Go for the Gold!
Date: 1/28/96 From: Anonymous Subject: Math Problem to Solve Hi Dr. Math. My math problem is a long one so here goes. It is a word problem titled Go For the Gold. You are one of the women's track coaches for the United States Olympic team. Your job is to prepare the athletes for the 1,500-meter race. You decide to analyze races from past Olympic games to better inform yourself of race strategy, runners' speeds, and athletic conditioning. You obtain a video tape of the women's 1,500-meter race from the 1992 Olympic games. After you and your assistant view the video tape, she makes a table of the race data for you to use. This table is shown in the Data Bank. Your task is to analyze the race. Focus in on at least five of the runners. Determine how far the runners run in a period of time. Use that data to create a graph or series of graphs that show their speeds over time. On the graphs, graph distance v.time and distance v. speed. Your graphs may focus on more than one runner. Illustrate intervals of acceleration, deceleration, and speed. Note where the runners overtake other runners. Calculate the average speed and rates of acceleration of the runners. Now, here's the 1992 Women's 1,500-Meter Data DATA BANK Order Name Country Time Time Time Time at 400m at800m at1200m at1500m 1 Boulmerka, Hassiba Algeria 1:00.65 2:05.61 3:09.92 3:55.30 2 Rogacheva, Lyudmila Unified Tm.1:00.55 2:05.02 3:09.88 3:56.91 3 Qu, Yunxia China 1:01.34 2:06.13 3:10.41 3:57.08 4 Dorovskikh, Tatiana Unified Tm.1:01.95 2:06.87 3:11.24 3:57.92 5 Liu, Li China 1:03.64 2:08.91 3:13.76 4:00.20 6 Zuniga, Maite Spain 1:04.36 2:09.79 3:14.06 4:00.59 7 Rudz, Malgorzata Poland 1:05.97 2:10.69 3:15.49 4:01.91 8 Podkopaye,Yekaterina Unified Tm.1:04.26 2:10.48 3:16.01 4:02.03 9 Mutola, Maria de L. Mozambique 1:06.23 2:12.78 3:16.99 4:02.60 10 Plumer, Patti Sue USA 1:06.19 2:12.59 3:16.42 4:03.42 11 Fidatov, Elena Romania 1:07.59 2:13.29 3:17.82 4:06.44 (Remember these formulas when solving: d=rt and s=d/T) Thank you. I appreciate your help in solving this problem. This is an investigation. Good luck.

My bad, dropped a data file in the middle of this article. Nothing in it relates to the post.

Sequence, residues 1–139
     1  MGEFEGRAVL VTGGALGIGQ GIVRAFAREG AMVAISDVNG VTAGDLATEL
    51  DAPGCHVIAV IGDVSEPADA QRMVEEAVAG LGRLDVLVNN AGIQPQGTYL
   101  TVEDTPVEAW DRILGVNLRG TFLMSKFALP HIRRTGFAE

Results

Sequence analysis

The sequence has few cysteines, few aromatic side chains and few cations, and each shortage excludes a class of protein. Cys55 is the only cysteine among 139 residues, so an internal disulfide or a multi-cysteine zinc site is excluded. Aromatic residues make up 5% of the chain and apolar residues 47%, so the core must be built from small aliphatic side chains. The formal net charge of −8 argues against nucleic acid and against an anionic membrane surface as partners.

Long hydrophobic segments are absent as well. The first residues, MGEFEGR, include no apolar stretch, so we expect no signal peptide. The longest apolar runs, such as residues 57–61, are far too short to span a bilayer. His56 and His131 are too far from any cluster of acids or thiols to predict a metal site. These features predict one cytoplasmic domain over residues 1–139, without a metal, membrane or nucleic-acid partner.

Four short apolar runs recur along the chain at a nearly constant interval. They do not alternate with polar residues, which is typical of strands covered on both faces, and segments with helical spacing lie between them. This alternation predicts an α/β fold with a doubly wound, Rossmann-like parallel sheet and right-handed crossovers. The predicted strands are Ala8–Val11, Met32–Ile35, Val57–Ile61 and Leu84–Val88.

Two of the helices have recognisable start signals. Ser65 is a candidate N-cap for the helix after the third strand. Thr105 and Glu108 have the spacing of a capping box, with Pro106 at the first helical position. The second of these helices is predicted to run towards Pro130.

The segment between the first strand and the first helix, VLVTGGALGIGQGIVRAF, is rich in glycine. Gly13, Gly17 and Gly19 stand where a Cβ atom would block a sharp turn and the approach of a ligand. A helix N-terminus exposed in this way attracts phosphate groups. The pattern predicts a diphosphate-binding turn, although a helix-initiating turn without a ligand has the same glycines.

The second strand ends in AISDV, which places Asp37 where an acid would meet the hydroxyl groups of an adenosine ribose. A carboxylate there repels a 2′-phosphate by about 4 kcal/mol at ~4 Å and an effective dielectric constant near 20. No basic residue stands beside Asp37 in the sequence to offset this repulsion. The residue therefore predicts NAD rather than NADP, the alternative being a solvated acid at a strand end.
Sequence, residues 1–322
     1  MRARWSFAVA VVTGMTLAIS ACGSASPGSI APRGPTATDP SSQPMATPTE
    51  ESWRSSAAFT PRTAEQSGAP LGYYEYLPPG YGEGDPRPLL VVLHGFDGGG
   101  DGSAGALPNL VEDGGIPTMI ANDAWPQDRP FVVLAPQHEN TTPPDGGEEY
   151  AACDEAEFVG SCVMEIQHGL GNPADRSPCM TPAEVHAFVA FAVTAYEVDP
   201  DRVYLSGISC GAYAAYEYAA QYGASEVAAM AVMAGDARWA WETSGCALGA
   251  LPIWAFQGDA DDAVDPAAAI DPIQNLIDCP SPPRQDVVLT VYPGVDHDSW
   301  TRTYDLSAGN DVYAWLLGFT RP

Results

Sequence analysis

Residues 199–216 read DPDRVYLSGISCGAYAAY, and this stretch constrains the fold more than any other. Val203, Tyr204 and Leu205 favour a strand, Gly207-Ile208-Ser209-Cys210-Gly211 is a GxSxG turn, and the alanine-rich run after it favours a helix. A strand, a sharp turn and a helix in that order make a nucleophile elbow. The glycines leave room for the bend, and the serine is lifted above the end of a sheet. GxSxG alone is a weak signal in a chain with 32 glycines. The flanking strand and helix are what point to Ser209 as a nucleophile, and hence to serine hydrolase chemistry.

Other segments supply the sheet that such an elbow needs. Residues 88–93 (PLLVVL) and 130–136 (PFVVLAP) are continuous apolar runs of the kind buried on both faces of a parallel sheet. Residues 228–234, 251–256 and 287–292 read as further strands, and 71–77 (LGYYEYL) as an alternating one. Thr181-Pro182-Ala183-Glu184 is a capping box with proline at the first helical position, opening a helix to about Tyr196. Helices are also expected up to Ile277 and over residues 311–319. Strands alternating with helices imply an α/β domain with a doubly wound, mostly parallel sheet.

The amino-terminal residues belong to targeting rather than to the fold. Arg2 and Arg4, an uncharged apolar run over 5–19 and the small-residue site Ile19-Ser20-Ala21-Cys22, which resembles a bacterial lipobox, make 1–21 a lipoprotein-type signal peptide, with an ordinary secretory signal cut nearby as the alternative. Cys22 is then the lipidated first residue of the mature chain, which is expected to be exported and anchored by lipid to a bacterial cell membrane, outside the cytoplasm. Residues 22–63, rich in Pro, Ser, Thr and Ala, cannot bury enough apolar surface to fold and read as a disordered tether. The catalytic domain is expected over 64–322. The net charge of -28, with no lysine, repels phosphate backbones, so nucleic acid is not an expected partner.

Date: 9/28/96 From: Doctor Sydney Subject: Re: Math Problem to Solve Hello! This is a great question . The problem asks you to focus in on at least five runners, but for now I will just talk about one runner; you can use the same techniques to analyze the data on the other runners. Let's analyze the data on Elena Fidatov of Romania (#11). How far did she run in each period of time? Well, this is hard to answer precisely, given the data above. For instance, if we want to know how far she ran in the first minute, we have to estimate because our first piece of data says that she ran 400m in 1:07.59 minutes. So, assuming that she ran at a constant speed (an assumption that is probably false, but is the most accurate assumption we can make), let's figure out her average speed in the first 1:07.59 minutes of running. Well, we know that in 1:07.59 minutes she ran 400 m, right? And, speed = distance/time, so her average speed for the first 400 m is 400m/67.59 seconds = 5.9 m/s. To figure out how far she ran in 1 minute, then, we again use the formula speed = distance/time; this time we know the speed and the time but we don't know the distance, so our equation becomes: 5.9 m/min = distance/60 s So, the distance covered in 1 minute is about 354 m. Now, using these techniques, you can calculate a guess for how far Elena ran in any given amount of time by assuming her speed has been constant from the start of the race. Once you have calculated how far she has run for lots of different times, you can plot the values on a graph with the time on the x-axis and the distance on the y-axis. If you need help on plotting graphs, write back. For now, I'll assume you know how to do this. You should notice that as you were calculating how far Elena ran in 1 minute, you also calculated her average speed over the course of 1 minute, right? So, if you keep track of the average speed at any given point in time and also the distance covered at that point in time, you can create another graph in which distance is on the x-axis and speed is on the y-axis. Now look at your graphs. From your graphs you can figure out when Elena is speeding up and when she is slowing down? Can you tell how? I'll let you think about this one. By doing the above process for a number of runners, you can compare the different graphs to see how is overtaking who, when. I have answered most of your questions. Keep thinking on the other ones! Once you have the graphs in front of you, things should be clearer! Write back if you have more questions. -Doctor Sydney, The Math Forum Check out our web site! http://mathforum.org/dr.math/
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